When it comes to strength training, Chad says, “The best exercises are those that target multiple muscles and imitate everyday movements.”  For example, deadlifting is a very important exercise because we do it so much in day to day life; lifting boxes, groceries and children, or moving furniture when cleaning.  When creating a strength training routine Chad says it needs to include these six basic movements:

  • Squats
  • Lunges or step-ups
  • Deadlifts
  • Pushing
  • Pulling
  • Twisting

If you’re just getting started with a fitness routine Chad offers this advice:

  • Evaluate your current status. Before you start you need to consider your goals, your current fitness level, age, and any existing health concerns or previous injuries.  Don’t forget to factor in your schedule and availability so that you can make the time for workouts every week.
  • Start with the basics. Practice strength training twice a week, doing a full body workout that incorporates the six basic movements listed above.  Cardio can be done three days a week on your non-strength training days, 30 to 45 minutes a day.  Don’t forget you need one to two rest days a week.
  • Have a plan. This will help decrease the intimidation factor at the gym because you’ll be prepared.  Having a specific plan in place will keep you focused and ensure you’re doing what’s right for you.
  • Keep it simple. Overly complicated workouts can leave you discouraged and ultimately may not be very effective.  “Having a simple program with simple movements will ensure your success,” says Chad.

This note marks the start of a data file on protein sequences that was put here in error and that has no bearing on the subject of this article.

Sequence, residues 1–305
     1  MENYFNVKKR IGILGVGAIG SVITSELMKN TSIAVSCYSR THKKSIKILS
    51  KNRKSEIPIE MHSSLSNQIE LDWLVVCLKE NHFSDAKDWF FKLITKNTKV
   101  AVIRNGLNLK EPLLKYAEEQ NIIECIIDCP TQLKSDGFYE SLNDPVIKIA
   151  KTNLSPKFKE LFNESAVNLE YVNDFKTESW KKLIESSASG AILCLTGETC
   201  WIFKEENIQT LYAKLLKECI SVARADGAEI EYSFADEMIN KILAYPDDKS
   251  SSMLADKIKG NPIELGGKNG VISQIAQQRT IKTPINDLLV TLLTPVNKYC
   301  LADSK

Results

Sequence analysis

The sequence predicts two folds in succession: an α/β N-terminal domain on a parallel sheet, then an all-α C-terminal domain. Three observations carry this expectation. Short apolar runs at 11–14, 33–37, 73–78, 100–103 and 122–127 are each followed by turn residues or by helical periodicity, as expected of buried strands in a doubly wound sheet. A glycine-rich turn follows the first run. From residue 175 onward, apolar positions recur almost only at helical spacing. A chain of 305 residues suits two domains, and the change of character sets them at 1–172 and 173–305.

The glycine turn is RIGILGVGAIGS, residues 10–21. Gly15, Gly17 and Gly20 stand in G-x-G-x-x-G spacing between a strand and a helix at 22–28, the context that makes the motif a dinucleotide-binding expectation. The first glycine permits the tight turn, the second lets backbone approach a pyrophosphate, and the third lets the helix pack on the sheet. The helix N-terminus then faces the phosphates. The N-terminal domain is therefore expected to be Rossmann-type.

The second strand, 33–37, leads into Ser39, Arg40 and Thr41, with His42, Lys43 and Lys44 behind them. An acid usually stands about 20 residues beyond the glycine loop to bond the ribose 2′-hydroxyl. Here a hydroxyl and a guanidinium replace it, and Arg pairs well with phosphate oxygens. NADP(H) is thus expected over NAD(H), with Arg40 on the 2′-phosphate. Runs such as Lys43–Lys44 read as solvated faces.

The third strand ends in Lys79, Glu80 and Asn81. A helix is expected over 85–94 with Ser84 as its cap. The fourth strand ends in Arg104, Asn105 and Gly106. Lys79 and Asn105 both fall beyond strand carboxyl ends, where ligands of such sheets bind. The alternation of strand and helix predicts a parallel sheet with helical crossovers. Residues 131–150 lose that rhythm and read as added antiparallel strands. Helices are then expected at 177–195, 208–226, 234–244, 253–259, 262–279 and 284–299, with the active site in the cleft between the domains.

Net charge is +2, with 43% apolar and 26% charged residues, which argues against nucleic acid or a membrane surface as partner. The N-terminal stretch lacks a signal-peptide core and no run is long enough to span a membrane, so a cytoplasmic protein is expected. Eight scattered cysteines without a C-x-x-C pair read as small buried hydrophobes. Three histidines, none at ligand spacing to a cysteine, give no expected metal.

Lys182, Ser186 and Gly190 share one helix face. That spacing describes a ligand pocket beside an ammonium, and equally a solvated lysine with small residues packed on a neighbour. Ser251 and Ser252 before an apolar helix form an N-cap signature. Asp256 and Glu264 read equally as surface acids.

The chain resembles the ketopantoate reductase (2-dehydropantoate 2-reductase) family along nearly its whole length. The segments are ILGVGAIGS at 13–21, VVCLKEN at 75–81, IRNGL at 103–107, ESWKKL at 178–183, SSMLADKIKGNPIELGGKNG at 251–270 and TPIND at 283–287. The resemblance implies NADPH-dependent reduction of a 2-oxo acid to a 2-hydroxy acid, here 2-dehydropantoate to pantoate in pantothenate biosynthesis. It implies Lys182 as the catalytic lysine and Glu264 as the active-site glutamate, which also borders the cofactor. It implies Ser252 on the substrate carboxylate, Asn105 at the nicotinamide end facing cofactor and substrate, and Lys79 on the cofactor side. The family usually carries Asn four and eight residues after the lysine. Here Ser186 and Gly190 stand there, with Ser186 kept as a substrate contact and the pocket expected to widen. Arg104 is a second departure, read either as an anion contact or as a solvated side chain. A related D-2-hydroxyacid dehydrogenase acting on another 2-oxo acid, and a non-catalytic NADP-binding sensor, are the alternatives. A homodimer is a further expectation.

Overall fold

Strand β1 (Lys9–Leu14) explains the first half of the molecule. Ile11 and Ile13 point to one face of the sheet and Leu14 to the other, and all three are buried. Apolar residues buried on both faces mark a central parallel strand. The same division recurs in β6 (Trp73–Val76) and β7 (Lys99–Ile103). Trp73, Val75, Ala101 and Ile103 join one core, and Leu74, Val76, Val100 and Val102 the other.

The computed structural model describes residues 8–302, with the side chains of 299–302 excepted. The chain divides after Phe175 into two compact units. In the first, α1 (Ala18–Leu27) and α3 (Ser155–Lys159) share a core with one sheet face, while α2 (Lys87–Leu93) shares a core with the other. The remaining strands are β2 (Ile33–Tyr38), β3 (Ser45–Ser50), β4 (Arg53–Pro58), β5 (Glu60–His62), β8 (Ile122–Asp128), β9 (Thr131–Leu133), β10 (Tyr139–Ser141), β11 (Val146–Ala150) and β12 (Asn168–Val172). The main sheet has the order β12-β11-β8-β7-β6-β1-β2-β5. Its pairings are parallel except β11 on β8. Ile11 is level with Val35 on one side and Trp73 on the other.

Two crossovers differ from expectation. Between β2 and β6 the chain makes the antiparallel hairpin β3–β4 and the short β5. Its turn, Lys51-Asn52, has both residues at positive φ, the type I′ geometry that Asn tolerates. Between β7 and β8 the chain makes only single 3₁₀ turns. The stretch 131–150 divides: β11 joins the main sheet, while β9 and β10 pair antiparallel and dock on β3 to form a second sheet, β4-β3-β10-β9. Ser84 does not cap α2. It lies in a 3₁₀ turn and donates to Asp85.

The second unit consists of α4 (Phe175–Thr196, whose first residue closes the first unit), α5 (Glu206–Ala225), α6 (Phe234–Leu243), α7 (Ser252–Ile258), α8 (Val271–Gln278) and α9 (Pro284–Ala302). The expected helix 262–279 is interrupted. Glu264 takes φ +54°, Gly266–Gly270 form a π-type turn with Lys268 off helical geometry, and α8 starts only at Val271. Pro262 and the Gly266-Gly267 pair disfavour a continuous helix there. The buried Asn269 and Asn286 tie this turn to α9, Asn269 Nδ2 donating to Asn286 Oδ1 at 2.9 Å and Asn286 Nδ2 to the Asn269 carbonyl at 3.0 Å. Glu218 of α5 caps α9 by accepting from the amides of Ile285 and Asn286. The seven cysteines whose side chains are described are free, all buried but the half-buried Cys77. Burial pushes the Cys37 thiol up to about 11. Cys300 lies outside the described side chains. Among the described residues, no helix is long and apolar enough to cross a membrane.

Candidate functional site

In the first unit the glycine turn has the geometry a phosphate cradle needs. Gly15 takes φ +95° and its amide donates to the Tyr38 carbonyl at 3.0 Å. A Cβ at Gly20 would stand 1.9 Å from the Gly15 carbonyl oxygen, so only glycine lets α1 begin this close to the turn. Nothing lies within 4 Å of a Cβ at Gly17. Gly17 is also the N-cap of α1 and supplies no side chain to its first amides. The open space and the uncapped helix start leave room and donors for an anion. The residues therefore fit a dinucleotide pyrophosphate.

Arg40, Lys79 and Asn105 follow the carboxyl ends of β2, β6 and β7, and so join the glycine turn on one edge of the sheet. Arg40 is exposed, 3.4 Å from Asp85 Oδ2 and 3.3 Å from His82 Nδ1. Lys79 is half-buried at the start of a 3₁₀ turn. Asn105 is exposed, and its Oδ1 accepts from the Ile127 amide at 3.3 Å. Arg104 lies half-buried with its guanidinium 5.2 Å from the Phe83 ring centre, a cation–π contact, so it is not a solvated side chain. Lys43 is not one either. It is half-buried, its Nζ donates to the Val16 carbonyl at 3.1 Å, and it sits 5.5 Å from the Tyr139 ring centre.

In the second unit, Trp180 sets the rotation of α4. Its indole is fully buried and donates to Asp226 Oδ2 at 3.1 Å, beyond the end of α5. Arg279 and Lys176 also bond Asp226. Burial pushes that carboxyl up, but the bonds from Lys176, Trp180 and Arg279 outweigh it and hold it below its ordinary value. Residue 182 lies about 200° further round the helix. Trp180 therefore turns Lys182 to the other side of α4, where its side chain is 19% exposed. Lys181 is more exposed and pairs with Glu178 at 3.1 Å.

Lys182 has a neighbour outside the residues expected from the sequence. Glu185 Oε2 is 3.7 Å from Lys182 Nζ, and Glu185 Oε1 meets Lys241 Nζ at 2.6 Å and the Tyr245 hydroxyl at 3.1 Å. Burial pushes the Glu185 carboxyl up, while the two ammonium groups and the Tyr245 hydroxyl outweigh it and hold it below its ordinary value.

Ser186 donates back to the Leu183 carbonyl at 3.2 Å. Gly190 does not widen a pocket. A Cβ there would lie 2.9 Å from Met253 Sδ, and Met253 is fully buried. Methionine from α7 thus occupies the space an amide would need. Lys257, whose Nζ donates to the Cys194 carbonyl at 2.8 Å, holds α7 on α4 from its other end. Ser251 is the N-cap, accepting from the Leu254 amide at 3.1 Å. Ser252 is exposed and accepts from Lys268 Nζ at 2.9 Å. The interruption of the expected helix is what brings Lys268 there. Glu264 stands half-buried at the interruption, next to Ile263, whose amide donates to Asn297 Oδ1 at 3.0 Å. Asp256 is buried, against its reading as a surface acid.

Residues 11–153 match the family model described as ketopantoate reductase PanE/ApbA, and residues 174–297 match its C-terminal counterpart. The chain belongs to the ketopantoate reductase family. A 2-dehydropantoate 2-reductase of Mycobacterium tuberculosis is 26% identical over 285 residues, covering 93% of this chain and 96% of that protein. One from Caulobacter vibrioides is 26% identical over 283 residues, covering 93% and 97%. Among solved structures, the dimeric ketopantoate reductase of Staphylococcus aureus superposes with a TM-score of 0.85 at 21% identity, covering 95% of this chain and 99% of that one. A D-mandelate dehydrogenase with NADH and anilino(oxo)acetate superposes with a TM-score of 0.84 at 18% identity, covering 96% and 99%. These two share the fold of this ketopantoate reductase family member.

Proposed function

• Consistency is key. Whatever workout program you choose, you have to be consistent.  Chad is a firm believer that fitness is not a fad, it’s a lifestyle.  Make the commitment to stick with your routine and you’ll enjoy the rewards.
  • Track your progress. It’s important to know how far you’ve come.  Keep track of what you’re doing, how much weight you’re using, as well as your sets and reps.  It feels great to see how much more weight you can lift, or how much further you can run, even just after a month.
  • Know how and when to change up your routine. According to Lou Schuler and Alwyn Cosgrove, the authors of The New Rules of Lifting, “Everything works, but nothing works forever.”  As your body builds strength, you must alter your routine so that you don’t get bored and quit, but also to get the maximum benefit from your exercise.  But don’t change it too often.  Stick with a routine for 6 to 8 weeks, and then make smart changes as needed.
  • Ask for help. Whether you decide to work with a trainer or alone, always ask for help when you need it.  The trainers and floor staff at any gym should be able to answer your questions, show you how to properly use equipment, or demonstrate the correct form and technique.  Don’t try to work in isolation, reach out for help when it’s needed.
  • It’s not just about exercise. A well-balanced routine not only includes strength training and cardio, but also plenty of sleep and proper diet and nutrition.  The secret to good health isn’t found just in the gym, but in the home as well.

While my weight loss journey isn’t over yet, now that I’m armed with the proper fitness routine, professional support and encouragement, and the motivation to reach my goals, I know that it won’t be long before I get there!  I encourage all women, of all sizes and ages, to take that first step outside your comfort zone and find your path to wellness!